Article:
Bar News - June 9, 2006
Of Rocks, Rippers, Rhode Islanders and Lawyers
By: Richard Y. Uchida
Here’s an intriguing question: What do a rock, Jack the Ripper, Rhode Islanders and New Hampshire lawyers have in common?
They are all related to the camaraderie and fellowship that lawyers experience when they gather with one another. Let me explain.
The greatest gift I have enjoyed as bar president is the opportunity to meet lawyers not only from across our state, but from other states. From Nashua to Whitefield, from Keene to Portsmouth, I’ve traveled New Hampshire to spend time with colleagues—and I’ve also tried to make New Hampshire a presence at other states’ bar events—most notably in Maine and Rhode Island.
In one week recently, I visited the Rhode Island and the Grafton County Bars, then crisscrossed the southern half of the state in one evening to attend the New Hampshire Bar Foundation’s annual dinner to honor outgoing chair Paul Chant, as well as to attend the Rockingham County Bar annual dinner.
In Rhode Island, I spent time with the Rhode Island Bar and its president Phil Weinstein at the annual golf outing to benefit the state bar foundation. Phil has made it a goal to celebrate the value of lawyering. He has organized events and focused his communications strategy on the good work that lawyers do, and he has encouraged his bar to celebrate those achievements at gatherings, parties and meetings.
In Grafton, I heard a fascinating talk about the grisly murders by Jack the Ripper in Victorian England. It was presented by a New Hampshire professor who is a premiere “Ripper-ologist.” In Rockingham, I heard not only a thoughtful address about the value of our legal system in the 21st century by Chief Justice Broderick, but also witnessed the presentation of the “Loyal Order of the Rock” lifetime achievement awards to Portsmouth attorney Paul McEachern and Salem attorney Ralph Stein.
And as I did at the Bar Foundation dinner, at every event, I enjoyed an atmosphere of good cheer, camaraderie and good company. In every venue, I saw the deep respect and common ties that bind us as attorneys.
Too often it’s easy to avoid these events. Demands by clients, families, firm administrators and communities make it easy for lawyers to skip time with one another, and once we’ve been away from these events, the desire to return grows dim.
That’s a mistake.
If you’ve never been, or cannot remember attending, you would be surprised at the enjoyment you experience at such events, especially if you can get away for more than a couple of hours. You would also be surprised at the sense of pride and rejuvenation you experience. Spending time with people who have the same aspirations, professional challenges and experiences is valuable, refreshing and important to the preservation of a calling founded on civility and professionalism.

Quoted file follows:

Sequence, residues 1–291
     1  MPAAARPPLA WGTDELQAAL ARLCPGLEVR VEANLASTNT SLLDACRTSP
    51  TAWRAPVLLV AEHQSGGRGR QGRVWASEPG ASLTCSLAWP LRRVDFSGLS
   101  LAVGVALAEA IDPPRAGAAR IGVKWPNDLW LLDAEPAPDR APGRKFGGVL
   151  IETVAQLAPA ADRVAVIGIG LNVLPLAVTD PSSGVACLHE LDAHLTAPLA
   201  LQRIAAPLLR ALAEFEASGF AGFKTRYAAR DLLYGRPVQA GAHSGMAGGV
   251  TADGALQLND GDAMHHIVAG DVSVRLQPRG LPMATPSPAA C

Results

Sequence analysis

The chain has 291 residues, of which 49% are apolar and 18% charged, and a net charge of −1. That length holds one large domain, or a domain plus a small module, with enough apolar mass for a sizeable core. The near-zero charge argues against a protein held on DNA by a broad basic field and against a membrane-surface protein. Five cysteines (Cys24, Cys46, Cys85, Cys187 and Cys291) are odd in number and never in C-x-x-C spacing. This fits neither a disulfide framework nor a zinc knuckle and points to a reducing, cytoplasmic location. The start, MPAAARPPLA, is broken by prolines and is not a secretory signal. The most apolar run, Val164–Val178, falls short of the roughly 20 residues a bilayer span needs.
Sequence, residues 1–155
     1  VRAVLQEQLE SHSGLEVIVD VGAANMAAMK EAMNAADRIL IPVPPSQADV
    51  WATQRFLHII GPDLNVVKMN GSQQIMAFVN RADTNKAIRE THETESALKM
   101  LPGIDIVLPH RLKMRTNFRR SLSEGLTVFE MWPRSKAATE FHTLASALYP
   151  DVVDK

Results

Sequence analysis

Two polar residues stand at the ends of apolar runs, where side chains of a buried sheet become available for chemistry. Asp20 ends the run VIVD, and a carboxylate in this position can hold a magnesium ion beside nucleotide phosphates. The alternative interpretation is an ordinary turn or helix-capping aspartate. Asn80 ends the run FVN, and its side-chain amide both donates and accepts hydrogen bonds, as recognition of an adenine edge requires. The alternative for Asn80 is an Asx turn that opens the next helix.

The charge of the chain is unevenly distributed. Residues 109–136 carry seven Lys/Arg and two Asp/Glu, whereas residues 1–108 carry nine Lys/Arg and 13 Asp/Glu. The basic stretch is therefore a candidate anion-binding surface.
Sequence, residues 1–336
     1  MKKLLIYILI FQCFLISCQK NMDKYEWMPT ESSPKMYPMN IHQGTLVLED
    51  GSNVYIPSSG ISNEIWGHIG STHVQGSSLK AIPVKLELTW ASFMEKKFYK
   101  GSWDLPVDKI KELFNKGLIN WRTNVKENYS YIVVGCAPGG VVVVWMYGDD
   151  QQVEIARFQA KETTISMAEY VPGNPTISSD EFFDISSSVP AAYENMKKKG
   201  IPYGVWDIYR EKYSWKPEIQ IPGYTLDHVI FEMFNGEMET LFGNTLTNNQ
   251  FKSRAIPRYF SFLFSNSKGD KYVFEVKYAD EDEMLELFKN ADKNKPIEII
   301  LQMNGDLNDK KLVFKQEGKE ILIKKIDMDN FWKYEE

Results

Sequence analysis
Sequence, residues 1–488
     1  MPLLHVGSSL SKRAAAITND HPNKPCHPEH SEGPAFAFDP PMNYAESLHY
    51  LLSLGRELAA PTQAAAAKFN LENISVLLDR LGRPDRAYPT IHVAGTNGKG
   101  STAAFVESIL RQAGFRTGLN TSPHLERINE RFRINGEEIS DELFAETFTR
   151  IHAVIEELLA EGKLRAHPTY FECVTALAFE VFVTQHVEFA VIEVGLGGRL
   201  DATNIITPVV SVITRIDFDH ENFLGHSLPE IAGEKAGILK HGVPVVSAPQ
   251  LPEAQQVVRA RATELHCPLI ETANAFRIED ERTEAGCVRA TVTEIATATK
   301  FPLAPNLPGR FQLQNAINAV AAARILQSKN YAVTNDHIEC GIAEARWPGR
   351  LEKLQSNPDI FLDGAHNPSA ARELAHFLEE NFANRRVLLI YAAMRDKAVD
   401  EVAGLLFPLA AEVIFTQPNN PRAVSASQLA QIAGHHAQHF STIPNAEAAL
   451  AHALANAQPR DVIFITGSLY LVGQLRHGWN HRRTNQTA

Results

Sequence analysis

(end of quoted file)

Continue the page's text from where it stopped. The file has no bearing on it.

In that same spirit, I hope you will join me for all or part of our annual meeting at the Mountain View Grand Hotel in Whitefield from June 22-24. I promise each of you that it will be a rewarding and satisfying experience.
I have a confession to make: Jeannine McCoy, our executive director, will tell you that for years, I thought attendance at these meetings was a waste of time. I felt that since I spent all day with lawyers, why spend good money (especially since I was a solo practitioner) and time to be with lawyers beyond the end of the workday? Jeannine insisted that I go to the annual meeting, and I reluctantly trudged to it, complaining and rolling my eyes all the way there.
But in one weekend – a weekend with people I thought I knew as well as I ever wanted to – I learned the value of time and life with my colleagues. The good cheer, the sense of professionalism, the honor, dignity and respect for our profession that they all shared, shone brightly at my first annual meeting and at every one thereafter.
So join me. If you’ve never been to the annual meeting, try it. See if you experience the pride and joy that I’ve felt not only at our annual meetings, but at every gathering of lawyers. If you’ve gone once, but have dropped away, try again.
Please consider yourself personally invited. We value your presence and we think you will enjoy the sense of pride, camaraderie and professional satisfaction that we who have attended do. I think you will find your time with friends and colleagues very valuable – personally and professionally. I truly hope to see you there.